In September 2001, only days after the 9/11 attacks, another PNAC letter called on President Bush to broaden the scope of the “war on terror” beyond those immediately responsible for the attacks to include Iraq and Lebanon’s Hezbollah.

And in April 2002, the group labeled Yasser Arafat and the Palestinian Authority (PA) “a cog in the machine of Middle East terrorism,” compared Arafat to al-Qaeda leader Osama bin Laden, and called on the U.S. to end support for both the PA and the Israeli-Palestinian peace negotiations as a whole.

“Israel’s fight against terrorism is our fight,” it said, urging Bush to “accelerate plans for removing Saddam Hussein from power.”

That FPI’s debut public event should focus on why Washington should escalate its involvement in Afghanistan is ironic given the role played by PNAC and other hawks in and outside the administration in pushing for the invasion of Iraq so soon after the U.S. campaign to oust the Taliban and al-Qaeda in Afghanistan in late 2001. Many experts believe the diversion of military and intelligence resources to Iraq made it possible for both the Taliban and al Qaeda’s leadership to survive and rebuild.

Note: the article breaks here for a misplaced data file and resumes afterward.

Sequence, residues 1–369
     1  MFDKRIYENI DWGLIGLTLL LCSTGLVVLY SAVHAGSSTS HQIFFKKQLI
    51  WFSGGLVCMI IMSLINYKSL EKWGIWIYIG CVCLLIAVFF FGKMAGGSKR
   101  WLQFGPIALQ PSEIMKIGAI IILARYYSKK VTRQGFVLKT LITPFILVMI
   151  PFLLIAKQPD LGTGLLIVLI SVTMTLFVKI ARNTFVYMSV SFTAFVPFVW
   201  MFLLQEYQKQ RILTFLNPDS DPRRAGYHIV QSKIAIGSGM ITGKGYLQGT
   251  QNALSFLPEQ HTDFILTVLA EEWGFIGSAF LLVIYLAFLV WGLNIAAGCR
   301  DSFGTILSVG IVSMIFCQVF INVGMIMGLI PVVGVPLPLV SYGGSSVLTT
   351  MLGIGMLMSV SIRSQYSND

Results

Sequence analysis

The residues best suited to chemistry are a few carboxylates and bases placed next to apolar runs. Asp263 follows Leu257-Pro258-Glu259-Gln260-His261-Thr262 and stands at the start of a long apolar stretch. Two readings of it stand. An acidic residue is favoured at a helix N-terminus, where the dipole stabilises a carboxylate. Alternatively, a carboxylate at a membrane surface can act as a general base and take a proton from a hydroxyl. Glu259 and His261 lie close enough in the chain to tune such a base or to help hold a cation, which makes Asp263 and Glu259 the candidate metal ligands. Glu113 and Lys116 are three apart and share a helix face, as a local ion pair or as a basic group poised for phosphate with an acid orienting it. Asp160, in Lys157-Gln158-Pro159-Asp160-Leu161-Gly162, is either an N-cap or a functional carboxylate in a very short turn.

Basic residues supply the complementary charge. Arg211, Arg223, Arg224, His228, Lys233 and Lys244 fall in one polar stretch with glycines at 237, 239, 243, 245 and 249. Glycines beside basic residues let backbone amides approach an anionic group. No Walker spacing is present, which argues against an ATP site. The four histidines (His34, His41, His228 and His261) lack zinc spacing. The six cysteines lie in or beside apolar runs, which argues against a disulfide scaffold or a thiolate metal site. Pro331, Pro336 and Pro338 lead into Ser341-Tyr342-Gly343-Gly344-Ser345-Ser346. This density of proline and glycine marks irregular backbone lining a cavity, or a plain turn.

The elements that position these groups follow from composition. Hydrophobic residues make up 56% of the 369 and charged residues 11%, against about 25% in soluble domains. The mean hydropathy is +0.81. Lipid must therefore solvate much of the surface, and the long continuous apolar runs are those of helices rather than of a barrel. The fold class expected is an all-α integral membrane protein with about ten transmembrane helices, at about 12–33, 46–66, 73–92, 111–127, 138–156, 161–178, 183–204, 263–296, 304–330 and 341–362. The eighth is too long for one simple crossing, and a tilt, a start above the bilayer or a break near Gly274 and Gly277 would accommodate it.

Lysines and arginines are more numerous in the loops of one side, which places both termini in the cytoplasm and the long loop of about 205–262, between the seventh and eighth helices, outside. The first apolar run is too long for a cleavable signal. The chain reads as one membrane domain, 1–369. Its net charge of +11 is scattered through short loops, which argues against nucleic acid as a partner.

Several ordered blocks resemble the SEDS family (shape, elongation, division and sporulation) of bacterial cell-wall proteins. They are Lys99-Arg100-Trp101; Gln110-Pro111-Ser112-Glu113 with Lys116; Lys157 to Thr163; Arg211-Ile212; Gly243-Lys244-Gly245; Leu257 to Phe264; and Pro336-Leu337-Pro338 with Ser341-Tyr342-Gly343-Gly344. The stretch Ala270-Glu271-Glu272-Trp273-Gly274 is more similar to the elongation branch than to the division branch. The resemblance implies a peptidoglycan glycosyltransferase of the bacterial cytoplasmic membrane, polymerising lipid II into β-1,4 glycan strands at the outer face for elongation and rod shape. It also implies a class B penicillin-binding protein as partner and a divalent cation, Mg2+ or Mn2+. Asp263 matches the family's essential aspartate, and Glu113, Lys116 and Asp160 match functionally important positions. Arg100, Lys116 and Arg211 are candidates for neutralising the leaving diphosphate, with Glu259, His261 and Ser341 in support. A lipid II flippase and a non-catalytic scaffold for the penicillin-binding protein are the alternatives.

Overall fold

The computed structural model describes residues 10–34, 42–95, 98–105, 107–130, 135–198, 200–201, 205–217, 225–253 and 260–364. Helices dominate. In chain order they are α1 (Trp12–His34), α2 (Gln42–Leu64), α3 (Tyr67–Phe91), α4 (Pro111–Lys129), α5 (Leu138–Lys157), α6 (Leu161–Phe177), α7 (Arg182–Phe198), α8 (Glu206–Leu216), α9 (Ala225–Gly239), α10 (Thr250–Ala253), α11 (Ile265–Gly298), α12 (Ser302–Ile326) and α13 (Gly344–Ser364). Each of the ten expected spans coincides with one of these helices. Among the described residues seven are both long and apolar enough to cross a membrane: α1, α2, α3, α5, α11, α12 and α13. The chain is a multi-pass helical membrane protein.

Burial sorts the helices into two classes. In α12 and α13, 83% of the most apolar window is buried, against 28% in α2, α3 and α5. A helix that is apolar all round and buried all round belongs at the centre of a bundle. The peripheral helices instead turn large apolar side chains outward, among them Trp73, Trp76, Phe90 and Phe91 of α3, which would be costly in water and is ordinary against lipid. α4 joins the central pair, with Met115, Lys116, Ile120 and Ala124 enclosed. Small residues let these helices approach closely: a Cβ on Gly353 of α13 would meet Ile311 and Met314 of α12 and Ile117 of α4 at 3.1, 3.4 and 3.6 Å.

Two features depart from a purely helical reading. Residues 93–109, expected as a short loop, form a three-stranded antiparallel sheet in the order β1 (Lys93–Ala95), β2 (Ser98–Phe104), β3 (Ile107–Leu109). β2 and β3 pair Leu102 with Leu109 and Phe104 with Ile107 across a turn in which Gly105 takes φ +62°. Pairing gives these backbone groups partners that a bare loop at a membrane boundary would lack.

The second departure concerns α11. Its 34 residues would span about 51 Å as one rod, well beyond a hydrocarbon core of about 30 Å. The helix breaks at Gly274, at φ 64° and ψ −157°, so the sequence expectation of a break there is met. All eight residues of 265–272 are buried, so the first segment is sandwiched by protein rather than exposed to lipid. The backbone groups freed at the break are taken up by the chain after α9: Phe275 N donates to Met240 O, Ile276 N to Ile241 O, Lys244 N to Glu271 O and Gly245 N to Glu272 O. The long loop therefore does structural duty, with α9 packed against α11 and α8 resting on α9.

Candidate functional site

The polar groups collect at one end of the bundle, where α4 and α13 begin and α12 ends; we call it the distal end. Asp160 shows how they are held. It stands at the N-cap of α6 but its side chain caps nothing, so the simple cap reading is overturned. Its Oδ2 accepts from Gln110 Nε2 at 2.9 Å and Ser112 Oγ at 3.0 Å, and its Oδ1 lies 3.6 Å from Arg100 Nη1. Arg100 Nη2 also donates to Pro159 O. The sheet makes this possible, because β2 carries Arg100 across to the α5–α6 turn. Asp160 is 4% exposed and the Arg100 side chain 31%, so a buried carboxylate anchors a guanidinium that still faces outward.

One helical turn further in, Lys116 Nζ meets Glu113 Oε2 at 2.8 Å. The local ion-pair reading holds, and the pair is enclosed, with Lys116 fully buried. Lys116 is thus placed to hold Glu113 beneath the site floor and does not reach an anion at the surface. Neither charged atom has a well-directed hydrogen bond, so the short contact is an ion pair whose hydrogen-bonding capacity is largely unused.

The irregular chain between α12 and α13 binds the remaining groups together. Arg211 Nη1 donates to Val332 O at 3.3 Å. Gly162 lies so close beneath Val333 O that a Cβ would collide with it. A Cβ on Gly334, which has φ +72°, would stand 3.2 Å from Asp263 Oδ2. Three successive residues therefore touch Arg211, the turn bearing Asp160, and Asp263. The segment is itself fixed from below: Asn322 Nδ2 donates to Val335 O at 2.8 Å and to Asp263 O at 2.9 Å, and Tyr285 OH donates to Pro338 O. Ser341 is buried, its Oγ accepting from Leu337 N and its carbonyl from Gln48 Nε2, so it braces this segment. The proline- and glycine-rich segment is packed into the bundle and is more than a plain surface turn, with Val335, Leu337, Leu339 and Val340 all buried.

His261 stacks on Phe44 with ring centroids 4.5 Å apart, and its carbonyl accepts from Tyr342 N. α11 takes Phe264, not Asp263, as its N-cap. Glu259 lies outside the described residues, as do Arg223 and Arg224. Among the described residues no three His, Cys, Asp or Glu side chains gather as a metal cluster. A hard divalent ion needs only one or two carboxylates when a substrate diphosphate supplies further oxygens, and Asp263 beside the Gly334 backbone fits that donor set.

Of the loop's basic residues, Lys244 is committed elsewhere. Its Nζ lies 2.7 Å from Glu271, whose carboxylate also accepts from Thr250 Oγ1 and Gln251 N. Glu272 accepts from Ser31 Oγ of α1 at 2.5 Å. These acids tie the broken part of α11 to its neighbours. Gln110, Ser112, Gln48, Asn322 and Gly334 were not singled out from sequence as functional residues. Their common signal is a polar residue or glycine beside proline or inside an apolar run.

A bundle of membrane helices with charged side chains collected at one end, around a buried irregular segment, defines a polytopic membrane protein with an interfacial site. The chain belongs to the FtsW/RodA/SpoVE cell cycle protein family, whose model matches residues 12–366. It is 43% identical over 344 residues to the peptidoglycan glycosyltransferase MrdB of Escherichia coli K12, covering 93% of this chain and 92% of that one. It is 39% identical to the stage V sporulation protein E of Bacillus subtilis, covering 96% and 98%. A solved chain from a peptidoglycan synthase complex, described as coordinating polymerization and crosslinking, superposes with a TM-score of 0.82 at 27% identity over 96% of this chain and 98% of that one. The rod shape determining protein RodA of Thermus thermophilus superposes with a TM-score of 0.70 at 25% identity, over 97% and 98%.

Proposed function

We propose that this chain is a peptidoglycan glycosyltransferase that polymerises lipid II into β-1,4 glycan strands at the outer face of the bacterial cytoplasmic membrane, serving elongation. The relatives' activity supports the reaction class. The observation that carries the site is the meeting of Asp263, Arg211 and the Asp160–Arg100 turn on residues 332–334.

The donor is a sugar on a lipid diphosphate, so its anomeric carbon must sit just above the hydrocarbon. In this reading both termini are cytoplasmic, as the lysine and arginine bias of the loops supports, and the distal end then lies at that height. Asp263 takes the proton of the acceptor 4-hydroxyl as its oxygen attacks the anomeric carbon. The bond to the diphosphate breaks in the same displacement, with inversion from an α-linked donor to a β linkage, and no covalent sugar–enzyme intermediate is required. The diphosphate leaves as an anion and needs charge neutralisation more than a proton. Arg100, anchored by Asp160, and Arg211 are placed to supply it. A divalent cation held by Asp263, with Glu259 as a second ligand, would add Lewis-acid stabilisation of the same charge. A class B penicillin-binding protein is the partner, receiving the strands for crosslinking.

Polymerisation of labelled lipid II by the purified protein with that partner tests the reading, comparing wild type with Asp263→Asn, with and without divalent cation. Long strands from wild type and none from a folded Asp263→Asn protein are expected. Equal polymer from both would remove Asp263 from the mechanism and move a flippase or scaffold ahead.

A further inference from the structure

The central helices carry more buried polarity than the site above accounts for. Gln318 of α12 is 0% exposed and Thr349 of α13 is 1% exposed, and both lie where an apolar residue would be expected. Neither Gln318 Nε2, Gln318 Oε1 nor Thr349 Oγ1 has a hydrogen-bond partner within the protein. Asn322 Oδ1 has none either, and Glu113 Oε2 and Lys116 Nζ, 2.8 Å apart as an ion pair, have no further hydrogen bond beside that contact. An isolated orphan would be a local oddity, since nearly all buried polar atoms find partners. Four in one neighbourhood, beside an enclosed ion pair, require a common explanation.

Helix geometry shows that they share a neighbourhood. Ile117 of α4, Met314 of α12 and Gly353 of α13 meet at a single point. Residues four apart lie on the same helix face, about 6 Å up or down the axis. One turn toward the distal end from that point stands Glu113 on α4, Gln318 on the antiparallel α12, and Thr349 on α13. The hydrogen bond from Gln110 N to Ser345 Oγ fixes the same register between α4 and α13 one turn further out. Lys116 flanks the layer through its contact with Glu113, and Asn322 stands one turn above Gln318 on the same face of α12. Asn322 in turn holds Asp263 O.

The top priority given by the Bush administration – again, with the strong encouragement of PNAC and its supporters – to Iraq as the “central front in the war on terror” also meant that aid needed to bolster the western-backed government of President Hamid Karzai was unavailable.

PNAC effectively ceased its activities at the beginning of Bush’s second term. This may partly have been due to the large amount of bad publicity the group attracted for its seminal role in bringing about the Iraq war.

But the formation of FPI may be a sign that its founders hope once again to incubate a more aggressive foreign policy during their exile from the White House, in preparation for the next time they return to political power.